The Dark Tower Volume 1: The Gunslinger (1988)


First Published: 1982 (in parts – 1978, 1980, 1981)

Edition Published: 1988

Cover Illustration: Michael Whelan

Illustrations: Michael Whelan 

Publisher: Sphere

Notes: A copy which seems to have travelled as long and hard as the gunslinger, himself. Inlaid with the full set of illustrations by Michael Whelan, none of which I’ve seen before (my original copy did not include them). Really pleased to find my old friend Roland on the first successful day of Collecting King.

I love the composition of Roland on his haunches, staring out across the water (although the ocean doesn’t really make an appearance until The Drawing of the Three, but let’s not niggle too much) and the hazy appearance of the Dark Tower itself. Is it a hallucination? Quite possibly. A dream, or maybe a nightmare. The point is, he’s alone and focused on his quest.

I actually really like the layout of the author and title which sets itself up to be maintained throughout the series, it’s just a shame it never got used beyond book 3.


Banks On The Beach

The first day of a week off and it’s time to get back into reading The Player Of Games.

There’s been such a lot going on and so many things to deal with over the last month or so that it’s nice to actually zone out, listen to the waves and simply enjoy getting lost in a universe of prissy drones, surly lifeforms, spaceships with such names as  The Little Rascal and planets whose reigning emperor is chosen by winning a (ludicrously) difficult and epic game. It’s the kind of book I wish I could dream up and write but it’s just so vast and strange and wonderfully sexy that it could only have come from Iain M Banks.

I’m halfway through now and enjoying every page. I can’t understand why it took me so long to explore The Culture series, but I’m glad I’m doing it now.

Value For Money

First Published: 1990

Edition Published: 1990

Publisher: Hodder and Stoughton

Notes: At 37.5 pence per minute you can hardly complain! It’s a heft book with the type of “typical” horror illustration I remember so vividly from childhood and which also provokes memories of Jim Henson’s Storyteller series, in particular the traumatising episode called The Solider and Death (I think). It scared me for days and led to my mother banning us from ever watching the program again…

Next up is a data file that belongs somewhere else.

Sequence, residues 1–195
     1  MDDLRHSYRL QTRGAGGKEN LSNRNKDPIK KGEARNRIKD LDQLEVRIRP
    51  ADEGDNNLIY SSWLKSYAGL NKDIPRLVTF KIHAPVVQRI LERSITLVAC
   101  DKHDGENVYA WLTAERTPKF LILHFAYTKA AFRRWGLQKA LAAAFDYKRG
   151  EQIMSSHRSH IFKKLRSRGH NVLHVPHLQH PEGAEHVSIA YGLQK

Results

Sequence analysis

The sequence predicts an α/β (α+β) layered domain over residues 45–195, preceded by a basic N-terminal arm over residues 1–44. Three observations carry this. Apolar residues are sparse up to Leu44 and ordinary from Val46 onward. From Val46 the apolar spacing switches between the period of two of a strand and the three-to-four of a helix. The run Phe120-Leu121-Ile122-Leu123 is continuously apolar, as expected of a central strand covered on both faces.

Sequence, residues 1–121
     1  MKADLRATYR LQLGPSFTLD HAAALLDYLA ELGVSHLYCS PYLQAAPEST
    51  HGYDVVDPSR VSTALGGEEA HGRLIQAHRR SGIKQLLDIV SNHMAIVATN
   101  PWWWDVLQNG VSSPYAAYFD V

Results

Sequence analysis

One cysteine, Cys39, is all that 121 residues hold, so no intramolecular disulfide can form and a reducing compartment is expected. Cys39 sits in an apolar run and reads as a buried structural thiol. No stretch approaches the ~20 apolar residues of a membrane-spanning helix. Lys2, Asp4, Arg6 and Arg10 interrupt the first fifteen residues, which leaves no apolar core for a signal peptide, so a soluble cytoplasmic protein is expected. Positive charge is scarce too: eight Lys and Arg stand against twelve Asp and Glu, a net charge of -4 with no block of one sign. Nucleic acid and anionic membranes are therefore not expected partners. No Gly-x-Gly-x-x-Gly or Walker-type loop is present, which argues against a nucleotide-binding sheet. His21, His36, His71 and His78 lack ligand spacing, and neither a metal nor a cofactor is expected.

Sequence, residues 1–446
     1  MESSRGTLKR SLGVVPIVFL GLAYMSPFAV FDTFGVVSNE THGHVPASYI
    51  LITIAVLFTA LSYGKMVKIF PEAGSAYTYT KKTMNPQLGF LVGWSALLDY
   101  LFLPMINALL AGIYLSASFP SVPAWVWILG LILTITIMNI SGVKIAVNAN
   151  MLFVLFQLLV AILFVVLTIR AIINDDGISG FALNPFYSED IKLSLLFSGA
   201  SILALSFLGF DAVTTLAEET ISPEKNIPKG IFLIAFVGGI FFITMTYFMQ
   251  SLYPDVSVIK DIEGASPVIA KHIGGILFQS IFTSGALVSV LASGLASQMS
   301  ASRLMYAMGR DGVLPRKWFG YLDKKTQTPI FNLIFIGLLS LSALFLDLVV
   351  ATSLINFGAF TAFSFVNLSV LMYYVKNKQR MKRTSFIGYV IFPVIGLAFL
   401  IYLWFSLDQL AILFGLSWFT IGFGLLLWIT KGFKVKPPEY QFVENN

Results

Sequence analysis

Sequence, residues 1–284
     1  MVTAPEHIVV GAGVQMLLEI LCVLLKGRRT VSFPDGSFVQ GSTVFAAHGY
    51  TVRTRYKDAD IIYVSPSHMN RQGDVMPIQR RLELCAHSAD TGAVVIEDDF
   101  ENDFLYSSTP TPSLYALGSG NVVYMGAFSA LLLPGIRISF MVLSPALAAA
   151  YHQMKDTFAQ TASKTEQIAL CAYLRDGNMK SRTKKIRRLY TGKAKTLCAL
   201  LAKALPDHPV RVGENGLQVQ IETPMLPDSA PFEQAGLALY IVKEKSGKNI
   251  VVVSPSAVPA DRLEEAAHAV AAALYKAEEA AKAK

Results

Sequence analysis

I found this first edition in a charity shop  with the cheeky little demon poking out from beneath a pile of books.

It’s almost as if he was trying to tease me…


Since (finally) upgrading my PS4 subscription I also got myself into Destiny, a game I was hugely unsure about when playing the initial Beta, and was very skeptical about after my love of the original Halo trilogy, but have actually since grown to love. Bungie do such a great job of creating exciting, edge-of-your-seat and enjoyable action sequences that I’ve got quite swept away in it all and while playing it I felt my mind wander to Iain M Banks’ Culture series.

There’s nothing specific to link the two – the characters are vastly different and while the technology and portrayal of society occasionally brush shoulders they are not particularly close, yet there is something which makes me connect the two.

It might be The Traveller. At this point (I’m very early in the game) it seems such a strange, abstract idea that it could almost sit alongside some of the Culture’s own technology and history but I think ultimately it’s the sense of scale, a sense of something truly epic which resonates with my memory of Consider Phlebas and which pushes me on to reading deeper into the Culture.

Maybe I’m Doing It Wrong

A rough day which I barely made it through. In these moments I turn to certain things for comfort – a song, a game, a book. Charles Addams may seem a morbid choice yet his perspective on the world has always made me laugh which is perhaps why I turn to him in my darkest hours – because he can turn my feelings on their head.

This is one of (if not my ultimate) favourite panel of his. It reminds me of my own clumsiness and throws a much needed (if warped) light on a subject which threatens to get out of control.